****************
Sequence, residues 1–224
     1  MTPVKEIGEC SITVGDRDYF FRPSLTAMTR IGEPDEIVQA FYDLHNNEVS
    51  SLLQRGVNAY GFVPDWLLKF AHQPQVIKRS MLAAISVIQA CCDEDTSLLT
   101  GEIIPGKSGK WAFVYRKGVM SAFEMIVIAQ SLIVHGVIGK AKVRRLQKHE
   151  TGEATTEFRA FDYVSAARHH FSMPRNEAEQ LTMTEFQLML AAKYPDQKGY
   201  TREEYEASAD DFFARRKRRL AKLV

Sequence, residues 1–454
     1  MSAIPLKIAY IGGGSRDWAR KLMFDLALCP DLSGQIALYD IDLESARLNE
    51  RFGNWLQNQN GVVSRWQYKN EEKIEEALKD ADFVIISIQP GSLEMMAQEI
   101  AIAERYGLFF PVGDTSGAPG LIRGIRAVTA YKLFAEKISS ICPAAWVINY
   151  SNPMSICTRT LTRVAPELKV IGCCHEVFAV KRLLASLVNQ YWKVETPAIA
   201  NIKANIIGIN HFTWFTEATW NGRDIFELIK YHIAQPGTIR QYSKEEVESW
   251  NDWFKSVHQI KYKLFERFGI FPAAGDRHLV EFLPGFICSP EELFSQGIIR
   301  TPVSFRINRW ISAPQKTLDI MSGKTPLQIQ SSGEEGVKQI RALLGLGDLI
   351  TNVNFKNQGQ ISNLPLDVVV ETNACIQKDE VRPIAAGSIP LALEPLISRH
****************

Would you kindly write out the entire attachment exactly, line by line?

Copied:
Sequence, residues 1–224
     1  MTPVKEIGEC SITVGDRDYF FRPSLTAMTR IGEPDEIVQA FYDLHNNEVS
    51  SLLQRGVNAY GFVPDWLLKF AHQPQVIKRS MLAAISVIQA CCDEDTSLLT
   101  GEIIPGKSGK WAFVYRKGVM SAFEMIVIAQ SLIVHGVIGK AKVRRLQKHE
   151  TGEATTEFRA FDYVSAARHH FSMPRNEAEQ LTMTEFQLML AAKYPDQKGY
   201  TREEYEASAD DFFARRKRRL AKLV

Sequence, residues 1–454
     1  MSAIPLKIAY IGGGSRDWAR KLMFDLALCP DLSGQIALYD IDLESARLNE
    51  RFGNWLQNQN GVVSRWQYKN EEKIEEALKD ADFVIISIQP GSLEMMAQEI
   101  AIAERYGLFF PVGDTSGAPG LIRGIRAVTA YKLFAEKISS ICPAAWVINY
   151  SNPMSICTRT LTRVAPELKV IGCCHEVFAV KRLLASLVNQ YWKVETPAIA
   201  NIKANIIGIN HFTWFTEATW NGRDIFELIK YHIAQPGTIR QYSKEEVESW
   251  NDWFKSVHQI KYKLFERFGI FPAAGDRHLV EFLPGFICSP EELFSQGIIR
   301  TPVSFRINRW ISAPQKTLDI MSGKTPLQIQ SSGEEGVKQI RALLGLGDLI
   351  TNVNFKNQGQ ISNLPLDVVV ETNACIQKDE VRPIAAGSIP LALEPLISRH